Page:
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    I don't have medium term plans or a scheme of work per say - I just know what topic my classes are to learn every half term as they have an assessment at the end of every half term based on the topics studied. I'm planning my lessons week by week but some overlap.

    Kpwxx - yeah, secondary English.
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    I'm so rubbish at lesson planning, I've only got one more week left at school and I just worry I'm going to royally muck up in that time. I want to give the pupils an interesting lesson but I still have no clue how to differentiate properly with worksheets or activities! I can't wait until I get the timings right, haha.
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    (Original post by MitMilch)
    I'm so rubbish at lesson planning, I've only got one more week left at school and I just worry I'm going to royally muck up in that time. I want to give the pupils an interesting lesson but I still have no clue how to differentiate properly with worksheets or activities! I can't wait until I get the timings right, haha.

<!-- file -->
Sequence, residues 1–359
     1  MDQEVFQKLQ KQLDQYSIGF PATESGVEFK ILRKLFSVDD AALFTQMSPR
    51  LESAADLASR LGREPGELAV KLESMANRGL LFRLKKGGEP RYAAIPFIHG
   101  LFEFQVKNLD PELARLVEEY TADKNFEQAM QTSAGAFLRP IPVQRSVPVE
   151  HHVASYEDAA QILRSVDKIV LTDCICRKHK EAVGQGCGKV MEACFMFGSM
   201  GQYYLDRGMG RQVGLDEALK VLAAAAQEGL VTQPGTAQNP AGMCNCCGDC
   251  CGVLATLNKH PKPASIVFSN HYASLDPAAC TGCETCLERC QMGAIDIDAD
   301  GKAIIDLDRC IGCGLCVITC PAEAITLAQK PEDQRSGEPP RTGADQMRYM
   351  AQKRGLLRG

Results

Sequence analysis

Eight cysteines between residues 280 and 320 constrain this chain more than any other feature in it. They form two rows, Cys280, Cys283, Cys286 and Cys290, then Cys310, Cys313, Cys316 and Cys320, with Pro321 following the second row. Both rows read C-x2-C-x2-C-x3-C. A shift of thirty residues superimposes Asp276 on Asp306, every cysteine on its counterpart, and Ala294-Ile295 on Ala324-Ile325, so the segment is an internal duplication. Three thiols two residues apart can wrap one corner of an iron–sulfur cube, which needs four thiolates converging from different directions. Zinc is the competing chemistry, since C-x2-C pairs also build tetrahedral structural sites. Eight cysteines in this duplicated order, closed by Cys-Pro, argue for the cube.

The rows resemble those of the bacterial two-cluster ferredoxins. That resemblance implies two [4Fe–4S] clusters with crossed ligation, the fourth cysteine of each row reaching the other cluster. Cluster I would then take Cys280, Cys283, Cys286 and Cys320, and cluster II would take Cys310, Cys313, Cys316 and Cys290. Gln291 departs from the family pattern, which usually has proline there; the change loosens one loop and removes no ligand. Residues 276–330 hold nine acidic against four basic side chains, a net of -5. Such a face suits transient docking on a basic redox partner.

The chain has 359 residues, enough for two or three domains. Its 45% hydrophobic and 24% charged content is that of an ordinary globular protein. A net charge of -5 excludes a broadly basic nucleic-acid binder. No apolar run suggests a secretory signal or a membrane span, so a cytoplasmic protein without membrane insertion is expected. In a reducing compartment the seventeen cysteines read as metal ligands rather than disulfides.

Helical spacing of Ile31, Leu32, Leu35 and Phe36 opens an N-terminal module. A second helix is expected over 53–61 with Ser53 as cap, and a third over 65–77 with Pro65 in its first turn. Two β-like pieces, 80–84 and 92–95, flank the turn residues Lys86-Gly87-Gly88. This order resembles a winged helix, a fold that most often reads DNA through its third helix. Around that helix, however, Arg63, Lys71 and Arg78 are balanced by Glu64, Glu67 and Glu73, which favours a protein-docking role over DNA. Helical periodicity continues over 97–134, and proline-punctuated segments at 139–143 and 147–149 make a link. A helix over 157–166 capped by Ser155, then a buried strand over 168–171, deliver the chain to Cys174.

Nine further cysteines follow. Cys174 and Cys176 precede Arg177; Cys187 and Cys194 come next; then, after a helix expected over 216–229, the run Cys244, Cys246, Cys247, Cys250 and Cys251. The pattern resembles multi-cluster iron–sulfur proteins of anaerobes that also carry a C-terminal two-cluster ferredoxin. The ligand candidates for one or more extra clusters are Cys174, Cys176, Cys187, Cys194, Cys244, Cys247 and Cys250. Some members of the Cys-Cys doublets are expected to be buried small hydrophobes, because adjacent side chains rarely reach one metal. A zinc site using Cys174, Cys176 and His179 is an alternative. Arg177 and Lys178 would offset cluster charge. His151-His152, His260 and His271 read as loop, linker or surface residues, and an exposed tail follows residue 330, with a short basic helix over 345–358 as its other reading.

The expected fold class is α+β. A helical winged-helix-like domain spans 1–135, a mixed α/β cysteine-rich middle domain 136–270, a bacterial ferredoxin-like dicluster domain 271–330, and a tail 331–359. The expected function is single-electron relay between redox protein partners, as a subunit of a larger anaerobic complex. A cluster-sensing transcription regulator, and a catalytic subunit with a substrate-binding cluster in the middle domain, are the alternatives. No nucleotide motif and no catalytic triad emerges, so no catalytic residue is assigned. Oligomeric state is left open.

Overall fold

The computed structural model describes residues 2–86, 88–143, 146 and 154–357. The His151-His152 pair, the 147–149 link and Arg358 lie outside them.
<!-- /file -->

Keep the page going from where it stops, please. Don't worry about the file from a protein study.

Have you tried using specific pupils as models?

    So think of what you want them to learn and choose an activity to achieve that. Then choose an example pupil who you think may struggle in this area of learning... do you think they will be able to access the task? What do you think the outcome would be if you gave them that task?

    If you think they will meet the objective and be able to access then great, you have considered them and that's fine. If you think they need an adjustment to access then make it. If you think they will be able to access it but will get something different out of it then perhaps you could use differentiated learning objectives... I like an ALL MOST SOME model (ALL pupils will do this etc). It's nice as you can be clear that the ALL is an absolute minimum for their learning, and you can push certain pupils to give you the SOME objective.

    Then do the same for a pupil who you think will excel in that area of learning... what will they get out of this task? Can they have a higher outcome? If not then think of an extension activity for them.